• Student Non-Discrimination Act: SNDA has been introduced in Congress, but not yet enacted; it would prohibit discrimination in schools based on sexual orientation or gender identity. Its passage is supported by the NASSP, AFT, NEA, NASP and dozens of other educational and medical organizations.
• State Laws Prohibiting Discrimination in Schools Based on Sexual Orientation or Gender Identity: As of January 1, 2017, 14 jurisdictions had enacted such legislation (CA, CO, CT, IA, IL, MA, ME, MN, NJ, NY, OR, VT, WA, DC) and bills are pending in numerous other states.
• State Laws Prohibiting Bullying Students Based on Sexual Orientation or Gender Identity: As of January 1, 2017, 19 jurisdictions have enacted such legislation (AR, CA, CO, CT, IA, IL, MA, MD, ME, MN, NC, NJ, NV, NY, OR, RI, VT, WA, DC) and bills are pending in numerous other states. All 50 states have broad-based anti-bullying statutes designed to protect students.
• School District Policies Prohibiting Discrimination Based on Sexual Orientation or Gender Identity: Hundreds of districts have such policies; for a complete listing, consult www.transgenderlaw.org/#schools.
• Student Privacy Laws Regarding Sexual Orientation or Gender Identity Status: FERPA and HIPAA protect students against involuntary release of information in educational and medical records, including transgender status.
Recent Court Case Rulings
G.G. v. Gloucester County School Board (U.S. Court of Appeals for the Fourth Circuit – April 2016): A three-judge panel of the U.S. Court of Appeals for the Fourth Circuit ruled that the refusal by a school to allow the use by transgender students of school facilities (such as a restroom) consistent with their gender identity is unlawful because such restrictions constitute gender discrimination specifically prohibited under Title IX as clarified by the May 2016 DCL. The case involved a female-to-male transgender boy who had been using the boys restrooms at Gloucester High School (Virginia), with no problems arising from his use of those facilities until community members objected, followed by the school district enacting a ban on the practice. In May 2016, the Fourth Circuit refused to grant an en banc rehearing of the case (with all 17 active judges participating). In August 2016, the U.S. Supreme Court issued a stay of the original Fourth Circuit ruling, pending its decision whether to hear an appeal of the case. In October 2016, the Supreme Court granted certiorari and will review the case to resolve two issues: 1) Whether courts should defer to the May 2016 DCL; and 2) whether educational institutions covered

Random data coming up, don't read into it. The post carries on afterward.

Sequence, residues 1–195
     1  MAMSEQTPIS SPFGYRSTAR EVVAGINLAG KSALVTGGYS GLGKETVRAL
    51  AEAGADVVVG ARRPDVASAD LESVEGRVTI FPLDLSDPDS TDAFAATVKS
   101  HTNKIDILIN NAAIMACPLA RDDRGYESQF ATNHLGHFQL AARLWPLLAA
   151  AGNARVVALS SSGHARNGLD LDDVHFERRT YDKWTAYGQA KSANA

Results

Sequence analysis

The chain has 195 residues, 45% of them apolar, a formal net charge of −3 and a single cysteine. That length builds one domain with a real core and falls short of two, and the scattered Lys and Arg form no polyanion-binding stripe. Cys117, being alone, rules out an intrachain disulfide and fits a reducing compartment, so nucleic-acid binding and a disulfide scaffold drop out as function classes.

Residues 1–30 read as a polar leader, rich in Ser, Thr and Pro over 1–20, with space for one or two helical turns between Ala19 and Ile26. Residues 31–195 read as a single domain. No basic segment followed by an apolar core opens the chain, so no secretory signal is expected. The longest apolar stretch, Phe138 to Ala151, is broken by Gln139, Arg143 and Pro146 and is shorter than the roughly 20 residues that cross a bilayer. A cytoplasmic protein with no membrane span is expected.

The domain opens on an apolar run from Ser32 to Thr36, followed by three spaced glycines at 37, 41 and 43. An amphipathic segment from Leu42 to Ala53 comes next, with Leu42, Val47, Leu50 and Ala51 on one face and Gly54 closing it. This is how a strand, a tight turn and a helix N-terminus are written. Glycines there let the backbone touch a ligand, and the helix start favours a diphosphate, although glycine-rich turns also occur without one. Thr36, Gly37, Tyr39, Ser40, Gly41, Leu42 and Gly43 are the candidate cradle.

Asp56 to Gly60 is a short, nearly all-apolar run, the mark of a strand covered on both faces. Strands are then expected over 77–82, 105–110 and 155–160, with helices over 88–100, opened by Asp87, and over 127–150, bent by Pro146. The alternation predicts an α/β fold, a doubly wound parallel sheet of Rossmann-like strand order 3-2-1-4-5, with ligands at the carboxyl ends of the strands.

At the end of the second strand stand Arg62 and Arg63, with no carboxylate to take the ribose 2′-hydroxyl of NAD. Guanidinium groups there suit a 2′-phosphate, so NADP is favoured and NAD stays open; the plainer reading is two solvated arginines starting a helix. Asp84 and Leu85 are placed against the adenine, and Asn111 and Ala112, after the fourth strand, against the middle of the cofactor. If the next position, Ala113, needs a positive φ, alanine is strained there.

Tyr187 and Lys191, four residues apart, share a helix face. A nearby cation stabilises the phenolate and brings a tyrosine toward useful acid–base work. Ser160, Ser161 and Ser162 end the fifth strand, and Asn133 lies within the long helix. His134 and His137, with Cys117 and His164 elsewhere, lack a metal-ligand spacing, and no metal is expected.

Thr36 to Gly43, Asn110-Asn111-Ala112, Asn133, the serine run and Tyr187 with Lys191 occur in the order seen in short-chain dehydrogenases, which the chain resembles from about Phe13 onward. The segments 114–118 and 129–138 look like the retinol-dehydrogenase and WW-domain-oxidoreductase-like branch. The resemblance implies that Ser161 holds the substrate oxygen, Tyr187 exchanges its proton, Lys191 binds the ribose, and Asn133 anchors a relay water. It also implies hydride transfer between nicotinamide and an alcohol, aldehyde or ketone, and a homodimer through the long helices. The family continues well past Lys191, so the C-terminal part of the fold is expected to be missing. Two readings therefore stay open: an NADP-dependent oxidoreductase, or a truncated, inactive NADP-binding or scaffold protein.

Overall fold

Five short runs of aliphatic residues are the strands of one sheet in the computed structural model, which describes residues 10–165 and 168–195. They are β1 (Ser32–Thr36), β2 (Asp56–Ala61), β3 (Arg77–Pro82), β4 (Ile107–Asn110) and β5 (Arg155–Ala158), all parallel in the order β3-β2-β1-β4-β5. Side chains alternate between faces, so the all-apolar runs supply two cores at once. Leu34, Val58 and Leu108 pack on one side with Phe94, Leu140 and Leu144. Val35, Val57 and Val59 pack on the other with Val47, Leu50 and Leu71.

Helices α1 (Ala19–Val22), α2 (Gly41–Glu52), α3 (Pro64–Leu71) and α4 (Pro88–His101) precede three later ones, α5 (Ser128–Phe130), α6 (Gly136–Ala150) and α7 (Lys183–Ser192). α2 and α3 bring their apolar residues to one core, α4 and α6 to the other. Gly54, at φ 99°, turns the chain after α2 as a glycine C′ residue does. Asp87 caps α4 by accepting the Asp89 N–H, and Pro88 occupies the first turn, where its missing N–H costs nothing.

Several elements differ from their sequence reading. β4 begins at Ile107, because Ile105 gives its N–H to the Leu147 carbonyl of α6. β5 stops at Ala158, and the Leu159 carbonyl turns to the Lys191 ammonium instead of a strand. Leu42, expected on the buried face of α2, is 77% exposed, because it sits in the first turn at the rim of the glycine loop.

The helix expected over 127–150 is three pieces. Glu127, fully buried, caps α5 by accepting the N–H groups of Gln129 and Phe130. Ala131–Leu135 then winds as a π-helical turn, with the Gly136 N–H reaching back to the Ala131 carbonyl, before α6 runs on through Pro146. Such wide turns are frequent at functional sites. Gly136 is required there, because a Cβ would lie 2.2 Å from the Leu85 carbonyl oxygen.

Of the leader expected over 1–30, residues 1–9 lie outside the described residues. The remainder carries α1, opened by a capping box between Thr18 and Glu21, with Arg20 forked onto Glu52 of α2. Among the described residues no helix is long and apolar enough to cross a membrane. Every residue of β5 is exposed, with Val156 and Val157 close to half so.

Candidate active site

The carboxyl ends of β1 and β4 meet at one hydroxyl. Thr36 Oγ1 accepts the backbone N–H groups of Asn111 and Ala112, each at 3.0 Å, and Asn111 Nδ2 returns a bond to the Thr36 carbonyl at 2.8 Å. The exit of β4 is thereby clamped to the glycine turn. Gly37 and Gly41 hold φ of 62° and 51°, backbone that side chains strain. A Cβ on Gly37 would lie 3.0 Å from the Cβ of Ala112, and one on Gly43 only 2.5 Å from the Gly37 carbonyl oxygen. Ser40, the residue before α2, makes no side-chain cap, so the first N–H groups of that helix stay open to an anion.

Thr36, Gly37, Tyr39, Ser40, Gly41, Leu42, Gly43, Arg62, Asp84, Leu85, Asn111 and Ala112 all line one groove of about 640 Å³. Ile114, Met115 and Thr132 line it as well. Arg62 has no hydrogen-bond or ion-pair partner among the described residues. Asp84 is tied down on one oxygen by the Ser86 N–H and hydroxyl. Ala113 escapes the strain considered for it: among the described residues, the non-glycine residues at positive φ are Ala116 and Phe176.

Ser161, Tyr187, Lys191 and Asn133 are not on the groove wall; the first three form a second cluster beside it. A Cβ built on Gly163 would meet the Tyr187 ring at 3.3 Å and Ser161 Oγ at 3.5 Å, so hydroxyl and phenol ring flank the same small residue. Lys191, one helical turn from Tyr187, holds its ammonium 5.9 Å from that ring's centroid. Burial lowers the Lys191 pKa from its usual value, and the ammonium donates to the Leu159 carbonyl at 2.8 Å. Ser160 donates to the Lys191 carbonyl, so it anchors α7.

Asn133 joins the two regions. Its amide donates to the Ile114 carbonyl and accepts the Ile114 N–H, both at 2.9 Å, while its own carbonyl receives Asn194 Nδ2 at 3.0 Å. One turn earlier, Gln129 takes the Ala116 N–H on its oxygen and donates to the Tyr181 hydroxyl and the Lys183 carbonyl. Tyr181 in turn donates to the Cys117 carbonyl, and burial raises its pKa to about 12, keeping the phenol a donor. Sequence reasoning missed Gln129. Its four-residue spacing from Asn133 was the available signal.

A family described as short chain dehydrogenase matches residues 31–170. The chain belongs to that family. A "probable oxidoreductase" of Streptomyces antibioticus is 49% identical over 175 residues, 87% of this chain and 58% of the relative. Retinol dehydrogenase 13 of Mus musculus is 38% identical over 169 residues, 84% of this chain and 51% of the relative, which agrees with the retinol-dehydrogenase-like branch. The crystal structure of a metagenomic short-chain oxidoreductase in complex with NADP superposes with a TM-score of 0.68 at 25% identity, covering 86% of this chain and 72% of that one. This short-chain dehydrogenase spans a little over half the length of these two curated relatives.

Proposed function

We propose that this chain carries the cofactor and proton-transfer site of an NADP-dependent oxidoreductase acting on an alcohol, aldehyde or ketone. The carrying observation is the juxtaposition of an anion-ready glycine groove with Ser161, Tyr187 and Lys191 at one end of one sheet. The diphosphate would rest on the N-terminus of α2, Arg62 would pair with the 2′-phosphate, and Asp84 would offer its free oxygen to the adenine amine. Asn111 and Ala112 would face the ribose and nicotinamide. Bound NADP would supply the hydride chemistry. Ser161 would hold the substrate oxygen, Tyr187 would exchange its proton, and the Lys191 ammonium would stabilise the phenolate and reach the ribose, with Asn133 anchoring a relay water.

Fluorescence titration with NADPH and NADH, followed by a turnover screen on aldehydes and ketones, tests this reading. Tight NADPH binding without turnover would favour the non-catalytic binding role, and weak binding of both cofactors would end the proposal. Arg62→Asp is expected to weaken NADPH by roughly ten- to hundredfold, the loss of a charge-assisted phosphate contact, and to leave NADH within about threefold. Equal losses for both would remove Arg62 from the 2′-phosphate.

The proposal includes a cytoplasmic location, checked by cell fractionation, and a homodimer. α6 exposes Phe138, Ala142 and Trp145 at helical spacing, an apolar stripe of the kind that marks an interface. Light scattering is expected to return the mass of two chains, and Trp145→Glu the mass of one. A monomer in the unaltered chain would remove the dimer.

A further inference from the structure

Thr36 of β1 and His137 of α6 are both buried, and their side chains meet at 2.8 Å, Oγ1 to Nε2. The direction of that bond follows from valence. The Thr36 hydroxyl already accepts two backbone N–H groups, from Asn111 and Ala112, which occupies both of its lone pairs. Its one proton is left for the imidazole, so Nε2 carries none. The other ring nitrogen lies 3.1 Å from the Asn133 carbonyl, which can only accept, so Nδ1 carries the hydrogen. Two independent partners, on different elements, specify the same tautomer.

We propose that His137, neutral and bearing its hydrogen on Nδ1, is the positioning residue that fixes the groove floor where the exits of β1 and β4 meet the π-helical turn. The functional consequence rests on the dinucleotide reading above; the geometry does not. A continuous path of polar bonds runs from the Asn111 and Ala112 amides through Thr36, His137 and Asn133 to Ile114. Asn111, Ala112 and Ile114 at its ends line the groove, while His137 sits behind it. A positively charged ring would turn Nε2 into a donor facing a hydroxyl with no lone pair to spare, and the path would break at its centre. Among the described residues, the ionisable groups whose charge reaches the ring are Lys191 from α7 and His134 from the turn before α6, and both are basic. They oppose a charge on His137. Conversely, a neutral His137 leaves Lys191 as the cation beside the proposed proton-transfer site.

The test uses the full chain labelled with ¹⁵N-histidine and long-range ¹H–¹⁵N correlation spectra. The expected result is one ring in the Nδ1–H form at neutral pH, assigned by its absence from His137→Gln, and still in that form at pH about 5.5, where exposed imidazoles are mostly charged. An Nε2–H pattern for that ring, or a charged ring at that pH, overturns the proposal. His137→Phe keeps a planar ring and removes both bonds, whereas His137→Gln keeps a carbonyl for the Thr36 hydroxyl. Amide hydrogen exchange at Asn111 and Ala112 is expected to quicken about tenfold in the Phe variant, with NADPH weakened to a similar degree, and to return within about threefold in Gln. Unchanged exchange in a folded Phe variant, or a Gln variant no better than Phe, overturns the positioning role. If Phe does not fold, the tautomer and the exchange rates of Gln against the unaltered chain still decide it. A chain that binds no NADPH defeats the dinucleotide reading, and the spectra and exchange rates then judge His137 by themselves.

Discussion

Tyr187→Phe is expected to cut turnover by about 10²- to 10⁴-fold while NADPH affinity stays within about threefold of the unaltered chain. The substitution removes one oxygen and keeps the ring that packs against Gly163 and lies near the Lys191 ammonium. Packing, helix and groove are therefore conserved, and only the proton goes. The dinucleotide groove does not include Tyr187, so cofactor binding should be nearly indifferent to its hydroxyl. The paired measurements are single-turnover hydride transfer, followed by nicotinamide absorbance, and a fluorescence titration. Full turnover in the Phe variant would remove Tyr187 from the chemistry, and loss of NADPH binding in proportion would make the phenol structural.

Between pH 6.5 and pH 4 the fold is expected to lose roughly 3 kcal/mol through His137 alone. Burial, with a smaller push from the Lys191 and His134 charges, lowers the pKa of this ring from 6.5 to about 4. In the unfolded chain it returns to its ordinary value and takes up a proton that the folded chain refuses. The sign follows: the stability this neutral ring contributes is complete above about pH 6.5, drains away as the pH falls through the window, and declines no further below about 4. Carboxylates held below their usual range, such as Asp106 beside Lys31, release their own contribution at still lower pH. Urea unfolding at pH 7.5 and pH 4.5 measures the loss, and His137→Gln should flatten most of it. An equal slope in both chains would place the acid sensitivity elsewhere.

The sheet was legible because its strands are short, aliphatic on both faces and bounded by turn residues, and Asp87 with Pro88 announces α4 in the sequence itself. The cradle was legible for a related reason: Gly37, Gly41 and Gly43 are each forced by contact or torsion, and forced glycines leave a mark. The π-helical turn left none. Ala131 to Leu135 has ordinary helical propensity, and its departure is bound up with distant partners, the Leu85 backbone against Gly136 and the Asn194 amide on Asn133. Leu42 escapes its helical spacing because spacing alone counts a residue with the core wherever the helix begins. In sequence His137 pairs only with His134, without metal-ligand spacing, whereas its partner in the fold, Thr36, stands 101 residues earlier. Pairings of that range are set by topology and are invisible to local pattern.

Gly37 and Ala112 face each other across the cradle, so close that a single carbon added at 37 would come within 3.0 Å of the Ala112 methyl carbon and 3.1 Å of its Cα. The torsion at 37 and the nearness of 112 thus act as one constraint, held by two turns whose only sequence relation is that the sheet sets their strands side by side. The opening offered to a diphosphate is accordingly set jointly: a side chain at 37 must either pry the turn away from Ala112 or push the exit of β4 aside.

by Title IX must treat transgender students consistent with their gender identity. More than 7,000 petitions for appeals are received by the Supreme Court each year and approximately 80 cases are granted review. The G.G. suit is considered by most legal experts to be the most significant case on the Court’s docket this term; oral arguments will likely be held in March of 2017, with the Court’s ruling in the case expected in June.
State of Texas v. U.S.A. (U.S. District Court Texas – August 2016): In a suit filed by a coalition of the attorneys general of 11 states, a federal judge blocked implementation of the May 2016 Title IX DCL requiring schools to provide access for transgender students to facilities such as restrooms consistent with their gender identity pending resolution of issues concerning the validity of the DCL as a source of law and whether the definition of sex in Title IX should be interpreted as gender identity or anatomical gender at birth. The U.S.A. has filed an appeal of the ruling with the U.S. Court of Appeals for the Fifth Circuit and the U.S. Supreme Court’s decision in the G.G. case will likely impact the ongoing viability of the ruling in the State of Texas case.
Carcano v. McCrory (U.S. District Court North Carolina – August 2016): In a ruling issued just five days after the decision in the State of Texas case, a federal judge in North Carolina, using the May 2016 DCL and relying on its interpretation of the word sex in Title IX to be gender identity, issued an injunction blocking implementation of North Carolina’s law known as HB2 which effectively would prohibit anyone in the state from using any restroom or facility inconsistent with their anatomical gender at birth. As with the State of Texas case, the U.S. Supreme Court’s decision in the G.G. case will likely impact the ongoing viability of the ruling in the Carcano case.
In the last two years, dozens of similar lawsuits have been filed across the country, most challenging the enactment of policies designed to protect transgender students, with their resolution now on hold pending the Supreme Court’s ruling in the G.G. case.
School and athletics administrators should research and familiarize themselves with the requirements included in any applicable state statute, state association policy or board of education regulations and develop district-wide and sports program-specific policies addressing all of the transgender issues discussed above.
The most useful template for such a policy – one that could be revised and edited into a structure consistent with any state or local legal mandates – is a model high school policy addressing transgender sports participation and facility use that was issued in 2016 by the National Center for Lesbian Rights and which is titled All 50: The Transgender-Inclusive High School Sports & Activities Policy &
Education Project. It is available at www.nclrights.org.
Lee Green is an attorney and Professor Emeritus at Baker University in Baldwin City, Kansas, where for 30 years he taught courses in sports law, business law and constitutional law. He is a member of the High School Today Publications Committee. He may be contacted at Lee.Green@BakerU.Edu.